How to make the health of your employees a performance factor?

The mental health of teams in the company is not a luxury, especially in the current health context marked by the covid-19 pandemic.

Investing in this approach has multiple benefits for employees and the company.

At first glance and without thinking about it, one might think that investing money to prevent employee illnesses (chronic diseases, musculoskeletal disorders, stress) is an additional burden for companies.

Already under great pressure, especially in this period of health crisis, these expenses could be considered as significant additional costs.

And yet, studies show that such an expense generates a return on investment of about 20 to 40%!

Other studies have shown that companies that have a real approach to preserving the mental and physical health of their employees, obtain a "business" impact much higher than this score.

Care and medication expenses are reduced. Thus, insurance policies would not need to be optimized.

In concrete terms, this translates into healthy, fulfilled teams. Teams that perform better, are more loyal and, ultimately, convey a positive image of their company to the customer or to their close circle of friends.

Helping to strengthen the well-being of its employees, denotes a proactive and benevolent state of mind within the company and its management team.

It is the idea that well-regarded, motivated teams are able to generate a much higher level of performance than teams that do not feel supported by their organization.

The positive impacts are numerous and often far greater than the investments made:

● Customer satisfaction is optimized. An employee who feels good about himself is more attentive to the customer.

● Team productivity is improved through reduced absenteeism,

● The ability to recruit the best people and retain them over time is increased.

Transforming the implementation of a health policy into a performance factor nevertheless requires a structured, coherent and controlled approach.

The idea is to avoid multiplying small actions. All these numerous "small expenses" that lead nowhere, except towards a discrediting of the company and the impression that what is done is expensive and useless. In short, the bitter feeling that this umpteenth program set up by the management "will give birth to a smile"...

So what solutions would be appropriate to implement?

Here are some tips:

Formalize and communicate a "health" strategy by the company's management to employees.

Objective: to inform them of the priorities defined, the actions carried out, the framework of the policy put in place, to reassure them, to raise their awareness and to motivate them to take care of themselves... with the company to help them.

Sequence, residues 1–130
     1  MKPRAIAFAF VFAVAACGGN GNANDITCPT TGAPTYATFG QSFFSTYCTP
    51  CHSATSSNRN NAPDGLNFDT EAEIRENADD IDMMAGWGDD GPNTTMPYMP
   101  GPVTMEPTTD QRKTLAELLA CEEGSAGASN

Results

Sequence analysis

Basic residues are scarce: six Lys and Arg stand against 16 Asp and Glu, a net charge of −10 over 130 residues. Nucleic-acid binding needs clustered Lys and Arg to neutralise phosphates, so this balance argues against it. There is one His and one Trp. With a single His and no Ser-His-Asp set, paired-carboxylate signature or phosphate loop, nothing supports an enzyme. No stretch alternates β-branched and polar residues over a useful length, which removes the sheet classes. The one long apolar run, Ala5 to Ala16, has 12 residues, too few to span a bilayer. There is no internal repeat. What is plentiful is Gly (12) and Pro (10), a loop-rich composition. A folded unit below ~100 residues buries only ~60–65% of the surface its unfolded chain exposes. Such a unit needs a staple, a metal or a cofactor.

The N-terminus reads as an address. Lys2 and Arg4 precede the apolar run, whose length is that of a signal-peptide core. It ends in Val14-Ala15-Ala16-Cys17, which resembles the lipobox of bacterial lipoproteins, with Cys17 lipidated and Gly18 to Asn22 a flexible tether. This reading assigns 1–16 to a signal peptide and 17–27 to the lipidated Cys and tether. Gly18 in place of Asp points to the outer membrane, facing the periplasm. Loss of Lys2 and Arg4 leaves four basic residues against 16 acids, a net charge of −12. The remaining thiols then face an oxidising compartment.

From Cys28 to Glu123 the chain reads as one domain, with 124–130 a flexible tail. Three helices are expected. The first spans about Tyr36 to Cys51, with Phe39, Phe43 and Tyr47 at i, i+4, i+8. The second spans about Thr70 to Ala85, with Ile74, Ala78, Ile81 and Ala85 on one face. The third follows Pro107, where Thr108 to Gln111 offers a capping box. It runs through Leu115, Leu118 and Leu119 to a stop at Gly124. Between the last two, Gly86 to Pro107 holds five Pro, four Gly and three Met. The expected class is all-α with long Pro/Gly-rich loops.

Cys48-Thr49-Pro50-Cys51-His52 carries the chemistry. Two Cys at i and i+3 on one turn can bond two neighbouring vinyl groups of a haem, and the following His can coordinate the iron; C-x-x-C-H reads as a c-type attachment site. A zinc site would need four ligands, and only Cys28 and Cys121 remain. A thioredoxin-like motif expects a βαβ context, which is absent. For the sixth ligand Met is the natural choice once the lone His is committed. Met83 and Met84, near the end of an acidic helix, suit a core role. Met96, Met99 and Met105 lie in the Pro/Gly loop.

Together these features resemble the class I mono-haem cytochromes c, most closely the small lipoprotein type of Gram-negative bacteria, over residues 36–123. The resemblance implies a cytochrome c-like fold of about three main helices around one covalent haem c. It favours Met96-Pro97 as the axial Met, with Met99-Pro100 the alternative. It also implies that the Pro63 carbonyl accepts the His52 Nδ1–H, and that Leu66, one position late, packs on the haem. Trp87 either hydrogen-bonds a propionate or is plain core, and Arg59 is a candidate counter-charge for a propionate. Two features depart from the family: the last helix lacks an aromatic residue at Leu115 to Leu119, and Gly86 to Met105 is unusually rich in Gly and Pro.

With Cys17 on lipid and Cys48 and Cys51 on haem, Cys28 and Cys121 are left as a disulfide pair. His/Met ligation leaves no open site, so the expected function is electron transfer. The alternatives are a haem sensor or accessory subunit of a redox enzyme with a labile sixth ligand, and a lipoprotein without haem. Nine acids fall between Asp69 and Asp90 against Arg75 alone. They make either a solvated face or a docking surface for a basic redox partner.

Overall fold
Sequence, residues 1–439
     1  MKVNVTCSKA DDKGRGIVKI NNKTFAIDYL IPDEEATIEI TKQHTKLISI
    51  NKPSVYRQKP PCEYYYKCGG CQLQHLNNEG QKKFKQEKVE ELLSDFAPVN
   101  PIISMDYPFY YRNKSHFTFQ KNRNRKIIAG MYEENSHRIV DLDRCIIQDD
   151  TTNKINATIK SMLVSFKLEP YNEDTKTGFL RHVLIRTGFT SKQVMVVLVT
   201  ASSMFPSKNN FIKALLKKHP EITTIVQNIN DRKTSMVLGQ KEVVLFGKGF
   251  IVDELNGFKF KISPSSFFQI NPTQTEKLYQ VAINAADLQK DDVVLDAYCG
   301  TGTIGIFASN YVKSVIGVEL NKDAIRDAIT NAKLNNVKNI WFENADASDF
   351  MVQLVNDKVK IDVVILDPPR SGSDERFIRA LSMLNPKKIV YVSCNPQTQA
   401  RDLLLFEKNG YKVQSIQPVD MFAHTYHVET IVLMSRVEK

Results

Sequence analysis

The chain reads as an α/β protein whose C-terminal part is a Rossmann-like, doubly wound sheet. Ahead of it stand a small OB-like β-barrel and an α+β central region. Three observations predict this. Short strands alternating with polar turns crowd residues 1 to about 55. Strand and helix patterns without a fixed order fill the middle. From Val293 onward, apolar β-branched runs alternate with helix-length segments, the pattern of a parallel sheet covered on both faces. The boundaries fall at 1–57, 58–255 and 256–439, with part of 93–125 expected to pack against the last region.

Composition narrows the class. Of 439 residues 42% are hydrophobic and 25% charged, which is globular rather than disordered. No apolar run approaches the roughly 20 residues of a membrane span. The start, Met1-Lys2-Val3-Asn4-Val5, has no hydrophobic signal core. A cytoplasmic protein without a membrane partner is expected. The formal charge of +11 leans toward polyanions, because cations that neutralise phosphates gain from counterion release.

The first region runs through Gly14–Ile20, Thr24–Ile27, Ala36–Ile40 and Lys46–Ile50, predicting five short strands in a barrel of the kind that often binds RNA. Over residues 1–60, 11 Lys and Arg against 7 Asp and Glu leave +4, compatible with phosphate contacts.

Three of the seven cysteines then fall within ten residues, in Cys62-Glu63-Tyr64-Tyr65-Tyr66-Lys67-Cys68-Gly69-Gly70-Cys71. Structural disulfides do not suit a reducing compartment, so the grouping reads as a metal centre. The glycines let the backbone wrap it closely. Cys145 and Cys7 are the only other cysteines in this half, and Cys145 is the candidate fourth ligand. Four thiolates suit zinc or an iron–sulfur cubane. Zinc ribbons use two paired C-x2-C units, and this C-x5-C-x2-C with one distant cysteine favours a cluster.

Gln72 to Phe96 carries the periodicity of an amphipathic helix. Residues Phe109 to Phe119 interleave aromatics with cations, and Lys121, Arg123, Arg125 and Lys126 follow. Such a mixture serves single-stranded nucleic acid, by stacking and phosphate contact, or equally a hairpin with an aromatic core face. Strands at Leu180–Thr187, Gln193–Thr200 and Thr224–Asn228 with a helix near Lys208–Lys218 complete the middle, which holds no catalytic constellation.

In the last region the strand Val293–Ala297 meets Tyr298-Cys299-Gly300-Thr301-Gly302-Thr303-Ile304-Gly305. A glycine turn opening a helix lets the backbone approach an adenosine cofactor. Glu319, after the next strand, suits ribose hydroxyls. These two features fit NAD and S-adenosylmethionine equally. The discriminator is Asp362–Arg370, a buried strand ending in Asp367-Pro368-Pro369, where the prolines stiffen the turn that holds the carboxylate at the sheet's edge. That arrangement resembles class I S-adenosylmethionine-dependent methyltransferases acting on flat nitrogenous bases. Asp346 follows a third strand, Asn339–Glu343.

This commitment must be real and credible and must be supported by the entire management team.

Having healthy employees should be a key goal of the company and be communicated and experienced as such.

Offer quality assessments, tools and support that are easy to access for employees.

Objective: to give them the desire to take their health in hand, the possibility to define their own action plan and to see the impacts;

Measure progress. It is essential to start by taking stock of the situation within the company.

How can we do this? Simply by proposing adapted individual health assessments and employee surveys from the start of the program.

Objective: to make employees actors of their own health, and to measure in an anonymous way some key indicators (% diabetics, average weight, absenteeism rate, % people with blood pressure problems, average level of well being, etc.)

These indicators must be defined upstream within the company according to the sectors and issues.

Data collection campaigns will be conducted regularly to measure progress on these indicators over time.

Each new employee must also be able to benefit from an assessment upon arrival and thus enrich the database.

Define action plans for prevention, communication, training, individualized follow-up, reorganization of certain positions, etc.

Objective: act on the indicators identified as the most relevant.

These actions could be actions....

These action plans must be concrete, associated with implementation dates, financed, and piloted by project managers who are recognized within the company and strongly involved;

Communicate regularly on the objectives set, the actions taken and the results obtained.

Objective: Ensure that the initiative is alive, vibrant and delivering results.

So, how can we promote the positive impact of a corporate health policy?